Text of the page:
Neil Wagner is almost certain to be back in New Zealand’s bowling attack for the second Test against India, which begins in Christchurch on Saturday. Wagner missed the first Test in Wellington on paternity leave, but he will return to the squad on Wednesday, replacing Matt Henry.

The debut performance of Kyle Jamieson, who stood in for Wagner in Wellington and shone with both ball and bat, has left New Zealand in a bit of a dilemma over who to play and who to leave out in Christchurch, but coach Gary Stead indicated Wagner would feature.

“Yeah, that’s always good selection dilemmas to have,” Stead said on Tuesday. “Neil Wagner will come back and he’s been a force in our team for a long time, and obviously Kyle Jamieson made the most of his debut, and the way he played, I thought, was outstanding as well, did a really good job for us.”

Then Stead was asked if there was any thought to continuing with Jamieson and giving Wagner more time to spend with his wife and baby daughter.

“You always think about those things, but I think Neil Wagner, it was pretty hard missing one Test let alone two Tests, so no, he’ll be back with us without a doubt.”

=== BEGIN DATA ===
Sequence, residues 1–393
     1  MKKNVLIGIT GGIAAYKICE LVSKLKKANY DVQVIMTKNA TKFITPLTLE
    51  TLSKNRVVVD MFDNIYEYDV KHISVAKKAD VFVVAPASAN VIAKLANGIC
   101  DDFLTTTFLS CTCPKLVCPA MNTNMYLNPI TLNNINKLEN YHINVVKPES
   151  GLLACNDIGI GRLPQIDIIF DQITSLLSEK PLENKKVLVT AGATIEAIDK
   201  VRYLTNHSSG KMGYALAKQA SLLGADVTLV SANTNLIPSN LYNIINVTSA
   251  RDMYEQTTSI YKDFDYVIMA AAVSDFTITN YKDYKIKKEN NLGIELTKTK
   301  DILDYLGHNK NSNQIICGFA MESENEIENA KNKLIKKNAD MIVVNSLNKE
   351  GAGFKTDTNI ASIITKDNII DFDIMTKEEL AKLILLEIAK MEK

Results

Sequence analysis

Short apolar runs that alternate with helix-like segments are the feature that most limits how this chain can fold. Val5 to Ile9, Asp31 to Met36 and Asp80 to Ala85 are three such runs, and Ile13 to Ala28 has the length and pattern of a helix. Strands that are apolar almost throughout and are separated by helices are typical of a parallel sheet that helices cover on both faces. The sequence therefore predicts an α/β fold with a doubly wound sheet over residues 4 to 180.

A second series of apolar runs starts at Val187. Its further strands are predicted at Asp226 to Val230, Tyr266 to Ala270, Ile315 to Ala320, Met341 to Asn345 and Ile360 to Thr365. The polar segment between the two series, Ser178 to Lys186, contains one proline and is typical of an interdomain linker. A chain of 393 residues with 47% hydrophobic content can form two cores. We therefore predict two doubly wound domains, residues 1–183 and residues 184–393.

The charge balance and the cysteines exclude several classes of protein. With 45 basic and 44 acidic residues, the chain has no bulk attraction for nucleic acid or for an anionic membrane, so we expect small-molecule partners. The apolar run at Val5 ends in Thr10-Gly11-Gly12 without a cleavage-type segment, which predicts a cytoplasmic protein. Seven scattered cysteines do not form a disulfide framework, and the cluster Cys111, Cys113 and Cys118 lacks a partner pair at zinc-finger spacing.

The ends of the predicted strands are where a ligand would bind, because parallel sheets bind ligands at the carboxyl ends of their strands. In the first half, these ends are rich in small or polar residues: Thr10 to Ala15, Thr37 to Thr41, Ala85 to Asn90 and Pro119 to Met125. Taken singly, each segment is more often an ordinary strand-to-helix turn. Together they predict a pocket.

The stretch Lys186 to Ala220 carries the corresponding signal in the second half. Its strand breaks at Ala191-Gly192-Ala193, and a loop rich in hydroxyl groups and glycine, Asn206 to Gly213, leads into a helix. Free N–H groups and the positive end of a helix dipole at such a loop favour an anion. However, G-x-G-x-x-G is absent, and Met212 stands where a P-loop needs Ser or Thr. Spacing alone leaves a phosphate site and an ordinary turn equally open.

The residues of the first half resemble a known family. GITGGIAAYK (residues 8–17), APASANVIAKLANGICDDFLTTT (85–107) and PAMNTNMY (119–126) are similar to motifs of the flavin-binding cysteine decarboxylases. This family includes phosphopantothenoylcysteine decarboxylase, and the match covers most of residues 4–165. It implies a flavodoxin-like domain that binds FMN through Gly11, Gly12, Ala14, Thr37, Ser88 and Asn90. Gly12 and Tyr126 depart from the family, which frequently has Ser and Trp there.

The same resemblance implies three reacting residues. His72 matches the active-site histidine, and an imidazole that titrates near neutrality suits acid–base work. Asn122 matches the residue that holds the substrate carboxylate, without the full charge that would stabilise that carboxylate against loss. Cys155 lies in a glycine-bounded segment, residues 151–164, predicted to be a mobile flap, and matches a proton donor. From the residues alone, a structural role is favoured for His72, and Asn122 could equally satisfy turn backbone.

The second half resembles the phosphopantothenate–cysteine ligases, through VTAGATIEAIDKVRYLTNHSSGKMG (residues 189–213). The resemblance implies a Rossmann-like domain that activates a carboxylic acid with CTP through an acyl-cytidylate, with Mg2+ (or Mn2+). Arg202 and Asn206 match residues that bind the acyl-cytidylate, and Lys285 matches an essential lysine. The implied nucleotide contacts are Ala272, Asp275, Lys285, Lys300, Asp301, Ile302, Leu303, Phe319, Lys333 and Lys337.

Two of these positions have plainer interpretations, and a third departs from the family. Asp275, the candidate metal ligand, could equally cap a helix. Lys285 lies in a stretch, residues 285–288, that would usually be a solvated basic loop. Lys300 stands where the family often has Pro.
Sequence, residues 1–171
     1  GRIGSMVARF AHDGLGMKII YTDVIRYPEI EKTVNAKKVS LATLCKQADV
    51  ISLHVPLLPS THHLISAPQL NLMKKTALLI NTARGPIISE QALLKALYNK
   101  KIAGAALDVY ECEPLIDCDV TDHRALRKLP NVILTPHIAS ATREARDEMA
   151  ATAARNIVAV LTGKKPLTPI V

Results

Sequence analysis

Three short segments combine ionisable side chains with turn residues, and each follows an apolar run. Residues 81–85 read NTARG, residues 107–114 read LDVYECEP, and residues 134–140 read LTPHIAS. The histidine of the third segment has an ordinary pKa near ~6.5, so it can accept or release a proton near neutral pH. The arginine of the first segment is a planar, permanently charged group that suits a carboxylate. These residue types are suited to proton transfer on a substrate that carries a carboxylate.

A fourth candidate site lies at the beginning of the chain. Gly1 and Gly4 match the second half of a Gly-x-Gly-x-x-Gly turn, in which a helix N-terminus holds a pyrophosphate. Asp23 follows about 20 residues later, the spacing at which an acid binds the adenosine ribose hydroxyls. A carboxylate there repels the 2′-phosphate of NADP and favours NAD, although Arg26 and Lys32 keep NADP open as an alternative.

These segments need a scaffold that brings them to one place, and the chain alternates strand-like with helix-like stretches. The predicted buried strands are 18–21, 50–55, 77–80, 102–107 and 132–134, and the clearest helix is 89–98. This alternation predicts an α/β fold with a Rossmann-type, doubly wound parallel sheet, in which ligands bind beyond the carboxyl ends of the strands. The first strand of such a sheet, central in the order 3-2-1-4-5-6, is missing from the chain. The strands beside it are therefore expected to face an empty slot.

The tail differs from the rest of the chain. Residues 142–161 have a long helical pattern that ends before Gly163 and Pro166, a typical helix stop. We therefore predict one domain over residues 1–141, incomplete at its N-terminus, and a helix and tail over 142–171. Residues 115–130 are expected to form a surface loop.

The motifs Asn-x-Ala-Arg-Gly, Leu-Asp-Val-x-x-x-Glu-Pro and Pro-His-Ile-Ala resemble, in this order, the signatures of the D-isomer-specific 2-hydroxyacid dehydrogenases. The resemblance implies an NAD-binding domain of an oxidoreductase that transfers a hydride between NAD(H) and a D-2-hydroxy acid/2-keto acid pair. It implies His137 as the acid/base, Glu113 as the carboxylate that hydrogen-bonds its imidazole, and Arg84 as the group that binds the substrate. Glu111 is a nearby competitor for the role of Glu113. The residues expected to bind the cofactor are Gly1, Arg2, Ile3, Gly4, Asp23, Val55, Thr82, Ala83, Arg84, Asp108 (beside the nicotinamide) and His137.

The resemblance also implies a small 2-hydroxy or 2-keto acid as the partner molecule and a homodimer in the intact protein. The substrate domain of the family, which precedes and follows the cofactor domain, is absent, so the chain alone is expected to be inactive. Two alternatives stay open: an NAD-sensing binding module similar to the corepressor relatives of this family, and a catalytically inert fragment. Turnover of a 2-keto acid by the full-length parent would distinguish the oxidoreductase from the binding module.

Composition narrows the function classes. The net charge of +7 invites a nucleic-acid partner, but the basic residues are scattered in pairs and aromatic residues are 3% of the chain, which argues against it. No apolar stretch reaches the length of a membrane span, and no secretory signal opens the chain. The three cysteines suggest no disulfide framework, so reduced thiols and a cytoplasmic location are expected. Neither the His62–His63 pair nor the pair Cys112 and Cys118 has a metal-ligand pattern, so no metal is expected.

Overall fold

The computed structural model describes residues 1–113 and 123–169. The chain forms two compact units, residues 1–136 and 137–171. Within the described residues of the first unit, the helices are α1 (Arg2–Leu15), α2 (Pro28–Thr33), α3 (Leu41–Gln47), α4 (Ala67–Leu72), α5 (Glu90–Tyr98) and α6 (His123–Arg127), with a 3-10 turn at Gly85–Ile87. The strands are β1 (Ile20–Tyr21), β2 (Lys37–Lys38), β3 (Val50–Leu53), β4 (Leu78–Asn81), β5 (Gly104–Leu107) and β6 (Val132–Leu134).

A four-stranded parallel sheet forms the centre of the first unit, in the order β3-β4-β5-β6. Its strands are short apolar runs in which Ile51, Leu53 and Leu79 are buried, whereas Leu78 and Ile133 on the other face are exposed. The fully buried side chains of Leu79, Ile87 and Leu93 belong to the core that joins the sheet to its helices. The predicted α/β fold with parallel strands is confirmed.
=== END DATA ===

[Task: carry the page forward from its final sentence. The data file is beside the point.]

Hagley Oval is a venue that has traditionally favoured seam bowlers, so there is a chance New Zealand might go in with both Wagner and Jamieson in a four-man pace attack alongside the new-ball pair of Trent Boult and Tim Southee.

“I think we always consider those things,” Stead said. “We’ll go down there, look at the wicket, we’re still three or four days out at this stage, so don’t want to make any assumptions before we get down there, but generally the wicket we play on at Hagley has a wee bit in it as well.

“We’ve seen in the past, guys like Colin de Grandhomme can be very very useful in those conditions as well – think back to his debut against Pakistan, then it was useful conditions for him – but whoever we go with, we know we need to put in a performance like we did in this game, because, as I said, India will get better.”

Another factor that could make New Zealand think of four quicks was the limited role played by the left-arm spinner Ajaz Patel in Wellington, where he bowled only six overs across India’s two innings. But Stead said Patel may have played a bigger role if the match – New Zealand wrapped up their 10-wicket win inside the first session of day four – had stretched on for longer.

“You look at it, and again, if the Test went the full distance, or even deep into the fourth day, you’d think that Ajaz would have taken a much bigger part than what he did, but it wasn’t to be because our seam bowlers were so good in this Test match, and again, that’s a really pleasing thing.”

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